The Office of Child Development helps spread SEL through educator community of practice

Posted by Jeremy Tepper on 1/3/2024

A graphic displaying a schedule for the SEL community of practice


The 3Rs (Reading, Racial Equity, and Relationships) Initiative is an ecosystem-based program that aims to improve early literacy outcomes for kindergarten-third grade students in Allegheny County by working with families, classroom teachers, community organizations, and local leaders. A foundational tenet of the 3Rs is that high-quality literacy experiences are inextricably linked to living in an equitable society and having strong relationships between children, adults, and organizations. The 3Rs team believes that enhancing children’s literacy experiences begins with partnering with adults to develop their knowledge and practices around reading, racial equity, and relationships.

The 3Rs Classroom Strand, led by Drs. Caitlin Forbes Spear & Jennifer Briggs of the University of Pittsburgh Office of Child Development Literacy and Learning Division, aims to integrate the 3Rs into classroom literacy practices.

Toward this purpose, the 3Rs Classroom Strand has been running a community of practice with teachers from seven different schools in Allegheny County for the past four years. Each year centers a different element of the 3Rs (reading, racial equity, relationships) using picture books, and working with teachers to shift perspectives to improve their ability to address high quality reading, racial equity, and relationship-aligned goals in their classrooms.

This year’s focus is relationships, and the social emotional learning (SEL) that is at the heart of all relationships.

With support from Project SEEKS SES —  a grant partnership between the AIU and ACHD that supports school districts in addressing social and emotional health and looks to bolster a local pipeline of professionals to supporting fields — the 3Rs Classroom Strand has been able to expand their communities of practice, creating a larger cross-district model, as opposed to past years, when separate meetings occurred for each district in the 3Rs Initiative.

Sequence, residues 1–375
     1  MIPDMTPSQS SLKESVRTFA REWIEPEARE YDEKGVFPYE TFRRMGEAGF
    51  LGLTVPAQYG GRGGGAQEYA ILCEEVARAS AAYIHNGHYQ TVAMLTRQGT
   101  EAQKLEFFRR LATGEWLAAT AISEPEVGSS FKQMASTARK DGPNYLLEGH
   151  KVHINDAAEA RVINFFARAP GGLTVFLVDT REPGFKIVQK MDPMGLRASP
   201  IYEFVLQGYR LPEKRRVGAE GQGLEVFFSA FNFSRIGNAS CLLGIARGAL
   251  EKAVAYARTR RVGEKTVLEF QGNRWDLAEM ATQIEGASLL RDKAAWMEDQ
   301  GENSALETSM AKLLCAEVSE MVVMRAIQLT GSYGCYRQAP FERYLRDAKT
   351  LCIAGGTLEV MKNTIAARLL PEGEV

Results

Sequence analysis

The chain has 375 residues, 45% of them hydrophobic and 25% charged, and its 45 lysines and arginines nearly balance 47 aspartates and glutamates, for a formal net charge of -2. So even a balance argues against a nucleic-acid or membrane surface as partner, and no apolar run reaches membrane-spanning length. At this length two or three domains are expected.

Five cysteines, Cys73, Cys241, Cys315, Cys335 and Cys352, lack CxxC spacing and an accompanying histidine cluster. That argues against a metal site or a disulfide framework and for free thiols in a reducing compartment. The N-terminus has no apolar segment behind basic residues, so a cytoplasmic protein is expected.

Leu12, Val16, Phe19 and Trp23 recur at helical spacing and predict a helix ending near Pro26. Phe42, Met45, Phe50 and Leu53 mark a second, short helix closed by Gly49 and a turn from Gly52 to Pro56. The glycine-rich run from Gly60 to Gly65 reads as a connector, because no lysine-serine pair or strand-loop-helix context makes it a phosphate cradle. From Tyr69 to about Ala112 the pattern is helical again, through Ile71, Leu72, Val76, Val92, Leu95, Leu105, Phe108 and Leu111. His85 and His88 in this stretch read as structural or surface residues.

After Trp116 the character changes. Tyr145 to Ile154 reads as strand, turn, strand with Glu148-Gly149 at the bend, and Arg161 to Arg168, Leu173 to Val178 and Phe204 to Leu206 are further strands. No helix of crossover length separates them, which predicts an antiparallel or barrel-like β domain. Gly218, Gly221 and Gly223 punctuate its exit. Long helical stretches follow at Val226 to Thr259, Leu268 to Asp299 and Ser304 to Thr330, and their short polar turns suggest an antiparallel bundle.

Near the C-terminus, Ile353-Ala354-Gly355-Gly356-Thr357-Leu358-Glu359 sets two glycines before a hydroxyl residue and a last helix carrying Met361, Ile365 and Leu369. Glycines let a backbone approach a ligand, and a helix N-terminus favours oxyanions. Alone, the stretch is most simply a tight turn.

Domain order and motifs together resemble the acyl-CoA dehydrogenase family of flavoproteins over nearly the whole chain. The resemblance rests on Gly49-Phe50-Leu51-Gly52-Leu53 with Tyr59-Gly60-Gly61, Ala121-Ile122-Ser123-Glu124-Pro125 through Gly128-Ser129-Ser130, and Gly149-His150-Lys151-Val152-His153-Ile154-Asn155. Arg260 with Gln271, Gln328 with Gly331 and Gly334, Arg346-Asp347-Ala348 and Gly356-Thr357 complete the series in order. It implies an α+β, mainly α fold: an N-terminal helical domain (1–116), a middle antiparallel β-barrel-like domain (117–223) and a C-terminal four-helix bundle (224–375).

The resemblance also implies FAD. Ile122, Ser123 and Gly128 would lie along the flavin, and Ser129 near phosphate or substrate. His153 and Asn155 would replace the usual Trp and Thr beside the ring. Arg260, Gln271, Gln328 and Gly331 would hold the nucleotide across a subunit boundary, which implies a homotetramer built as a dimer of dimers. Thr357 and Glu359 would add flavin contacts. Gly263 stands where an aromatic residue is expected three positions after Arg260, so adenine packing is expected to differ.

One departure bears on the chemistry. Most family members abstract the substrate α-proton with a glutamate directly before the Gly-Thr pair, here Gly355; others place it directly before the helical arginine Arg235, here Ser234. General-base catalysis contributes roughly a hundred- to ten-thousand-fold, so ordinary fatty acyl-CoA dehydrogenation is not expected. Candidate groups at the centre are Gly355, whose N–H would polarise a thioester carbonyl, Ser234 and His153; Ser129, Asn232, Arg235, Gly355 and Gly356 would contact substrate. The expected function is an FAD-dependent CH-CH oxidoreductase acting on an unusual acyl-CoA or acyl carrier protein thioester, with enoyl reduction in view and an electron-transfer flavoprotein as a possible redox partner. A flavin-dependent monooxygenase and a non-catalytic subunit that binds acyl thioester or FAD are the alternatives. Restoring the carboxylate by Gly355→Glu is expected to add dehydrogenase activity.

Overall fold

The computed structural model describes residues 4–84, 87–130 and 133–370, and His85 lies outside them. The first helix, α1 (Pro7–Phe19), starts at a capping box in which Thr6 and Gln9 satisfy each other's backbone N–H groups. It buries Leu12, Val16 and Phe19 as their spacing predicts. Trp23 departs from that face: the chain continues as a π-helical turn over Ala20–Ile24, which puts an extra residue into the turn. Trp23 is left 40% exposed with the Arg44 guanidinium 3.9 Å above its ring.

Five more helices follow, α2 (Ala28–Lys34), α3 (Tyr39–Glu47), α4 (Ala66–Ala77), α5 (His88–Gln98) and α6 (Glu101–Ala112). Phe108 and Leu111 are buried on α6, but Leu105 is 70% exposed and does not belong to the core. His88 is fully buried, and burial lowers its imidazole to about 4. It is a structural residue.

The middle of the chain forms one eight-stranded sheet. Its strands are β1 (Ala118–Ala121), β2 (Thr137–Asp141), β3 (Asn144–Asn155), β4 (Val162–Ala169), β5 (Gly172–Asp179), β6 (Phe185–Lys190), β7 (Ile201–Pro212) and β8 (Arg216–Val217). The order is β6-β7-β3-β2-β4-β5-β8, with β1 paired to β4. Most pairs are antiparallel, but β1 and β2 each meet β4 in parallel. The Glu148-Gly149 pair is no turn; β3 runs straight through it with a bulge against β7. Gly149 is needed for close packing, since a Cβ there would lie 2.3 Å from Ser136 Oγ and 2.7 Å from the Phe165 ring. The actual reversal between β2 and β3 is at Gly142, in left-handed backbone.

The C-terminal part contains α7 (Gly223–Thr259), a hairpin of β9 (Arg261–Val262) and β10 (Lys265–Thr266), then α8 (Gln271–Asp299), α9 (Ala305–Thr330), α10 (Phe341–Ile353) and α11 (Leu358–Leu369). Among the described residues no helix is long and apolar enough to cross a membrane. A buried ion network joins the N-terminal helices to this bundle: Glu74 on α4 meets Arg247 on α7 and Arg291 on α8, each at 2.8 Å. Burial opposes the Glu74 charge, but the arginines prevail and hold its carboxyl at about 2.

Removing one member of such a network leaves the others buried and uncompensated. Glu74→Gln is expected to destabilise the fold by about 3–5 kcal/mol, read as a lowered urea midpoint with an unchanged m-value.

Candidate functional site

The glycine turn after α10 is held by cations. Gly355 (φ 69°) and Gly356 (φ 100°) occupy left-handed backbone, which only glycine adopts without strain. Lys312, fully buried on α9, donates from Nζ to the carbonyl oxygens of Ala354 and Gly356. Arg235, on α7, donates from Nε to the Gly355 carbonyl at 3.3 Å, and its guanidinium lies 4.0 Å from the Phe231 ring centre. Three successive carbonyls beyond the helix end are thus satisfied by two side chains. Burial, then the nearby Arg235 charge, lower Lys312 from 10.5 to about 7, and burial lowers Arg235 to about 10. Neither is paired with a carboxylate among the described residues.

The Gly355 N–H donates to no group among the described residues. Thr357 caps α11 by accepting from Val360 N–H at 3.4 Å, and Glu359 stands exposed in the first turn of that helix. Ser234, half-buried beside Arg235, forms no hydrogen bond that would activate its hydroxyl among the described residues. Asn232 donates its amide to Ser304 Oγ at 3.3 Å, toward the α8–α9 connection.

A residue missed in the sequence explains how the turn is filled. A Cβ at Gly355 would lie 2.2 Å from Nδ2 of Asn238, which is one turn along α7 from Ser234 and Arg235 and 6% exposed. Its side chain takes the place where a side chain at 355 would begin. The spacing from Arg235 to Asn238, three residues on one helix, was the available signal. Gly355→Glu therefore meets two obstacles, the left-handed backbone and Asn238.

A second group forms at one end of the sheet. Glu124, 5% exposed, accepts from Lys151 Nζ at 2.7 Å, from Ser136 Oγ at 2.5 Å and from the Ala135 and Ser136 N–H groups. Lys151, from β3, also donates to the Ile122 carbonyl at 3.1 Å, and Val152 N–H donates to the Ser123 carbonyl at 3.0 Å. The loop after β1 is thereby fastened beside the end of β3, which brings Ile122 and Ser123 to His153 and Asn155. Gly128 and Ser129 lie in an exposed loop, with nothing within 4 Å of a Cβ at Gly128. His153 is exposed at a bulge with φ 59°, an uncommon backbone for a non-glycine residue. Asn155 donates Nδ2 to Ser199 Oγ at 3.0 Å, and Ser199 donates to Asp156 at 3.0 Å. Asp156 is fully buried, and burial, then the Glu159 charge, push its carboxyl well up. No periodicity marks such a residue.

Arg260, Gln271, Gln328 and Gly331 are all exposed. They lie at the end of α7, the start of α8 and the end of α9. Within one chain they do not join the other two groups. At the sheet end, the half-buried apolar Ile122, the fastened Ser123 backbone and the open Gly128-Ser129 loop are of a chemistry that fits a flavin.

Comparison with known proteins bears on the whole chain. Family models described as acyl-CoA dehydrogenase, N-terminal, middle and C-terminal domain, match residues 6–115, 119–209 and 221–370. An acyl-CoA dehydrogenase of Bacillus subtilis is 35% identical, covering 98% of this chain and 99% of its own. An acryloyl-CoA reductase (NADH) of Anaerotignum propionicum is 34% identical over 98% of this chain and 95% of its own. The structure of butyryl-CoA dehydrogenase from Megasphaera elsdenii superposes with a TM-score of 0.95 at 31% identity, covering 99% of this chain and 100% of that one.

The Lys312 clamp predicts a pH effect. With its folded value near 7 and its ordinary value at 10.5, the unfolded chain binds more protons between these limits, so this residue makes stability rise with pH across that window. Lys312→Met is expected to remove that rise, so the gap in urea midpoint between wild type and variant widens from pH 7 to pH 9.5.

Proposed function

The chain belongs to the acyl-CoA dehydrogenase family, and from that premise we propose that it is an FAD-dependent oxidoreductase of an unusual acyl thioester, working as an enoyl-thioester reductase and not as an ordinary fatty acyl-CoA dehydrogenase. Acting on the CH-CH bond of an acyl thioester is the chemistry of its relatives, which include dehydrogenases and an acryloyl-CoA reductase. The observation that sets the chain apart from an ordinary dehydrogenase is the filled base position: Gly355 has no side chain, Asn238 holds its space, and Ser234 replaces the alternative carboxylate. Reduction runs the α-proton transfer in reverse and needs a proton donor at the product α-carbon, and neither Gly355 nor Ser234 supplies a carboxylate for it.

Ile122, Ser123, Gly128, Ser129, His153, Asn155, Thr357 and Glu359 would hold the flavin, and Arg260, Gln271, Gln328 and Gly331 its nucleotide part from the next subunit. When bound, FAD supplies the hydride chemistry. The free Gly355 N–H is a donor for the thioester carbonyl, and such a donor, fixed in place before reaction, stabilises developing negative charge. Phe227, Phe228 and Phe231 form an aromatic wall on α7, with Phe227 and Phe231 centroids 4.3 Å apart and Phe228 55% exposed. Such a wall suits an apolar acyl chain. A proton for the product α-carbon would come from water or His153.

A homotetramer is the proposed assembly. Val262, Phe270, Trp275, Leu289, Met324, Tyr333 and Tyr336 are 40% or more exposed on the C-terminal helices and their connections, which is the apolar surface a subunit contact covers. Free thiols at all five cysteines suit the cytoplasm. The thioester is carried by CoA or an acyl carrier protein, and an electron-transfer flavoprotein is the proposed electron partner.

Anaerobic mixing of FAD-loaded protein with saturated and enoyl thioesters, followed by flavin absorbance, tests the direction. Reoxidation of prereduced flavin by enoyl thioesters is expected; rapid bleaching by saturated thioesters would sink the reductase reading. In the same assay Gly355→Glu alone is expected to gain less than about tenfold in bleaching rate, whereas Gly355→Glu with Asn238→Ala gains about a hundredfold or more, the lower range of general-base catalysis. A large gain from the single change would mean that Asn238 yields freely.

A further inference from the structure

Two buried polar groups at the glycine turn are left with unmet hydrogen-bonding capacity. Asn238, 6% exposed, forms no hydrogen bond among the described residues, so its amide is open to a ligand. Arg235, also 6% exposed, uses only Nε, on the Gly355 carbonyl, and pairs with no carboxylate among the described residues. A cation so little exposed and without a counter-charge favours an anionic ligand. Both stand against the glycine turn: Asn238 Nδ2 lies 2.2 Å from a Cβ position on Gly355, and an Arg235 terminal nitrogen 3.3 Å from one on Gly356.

“Up until this year they would be at their own school and we would have professional development with them and only teachers from that school and district would be in the smaller groups. This year, with the focus being on relationships and trying to think about the county more broadly, we’ve brought the teachers togethers, so we’ve got these cross-school communities of practice,” Spear said. 

“And we’re trying to help them build relationships. With the 3Rs when we talk about relationships, we’re thinking about teacher-student relationships, of course, but we’re also thinking about relationships between teachers and families, with colleagues and administration, and teachers' relationships with the content that they teach. And SEL is at the heart of all those relationships, focusing on teachers’ abilities to navigate all those relationships in healthy, equitable ways.”

The meetings bring together teachers from Urban Academy, Manchester Academic Charter, Park Elementary, Barrett Elementary, Edgewood Elementary STEAM Academy, Turtle Creek Elementary STEAM Academy and Wilkins Elementary STEAM Academy. Participating teachers usually teach in the K-3 grade levels, targeted grade levels in the community of practice.

“That age range is critical for early reading development, but relationships are also really important, too. Kids’ relationships with schools matter greatly for literacy development, and later learning, and how they respond to questions like, ‘Do I feel good when I come here?’,  ‘Do I feel like I belong?’, ‘Do I feel like my teachers love me and support me and believe I can be successful?’ — a lot is happening developmentally in that age range that matters for learning,” said Spear.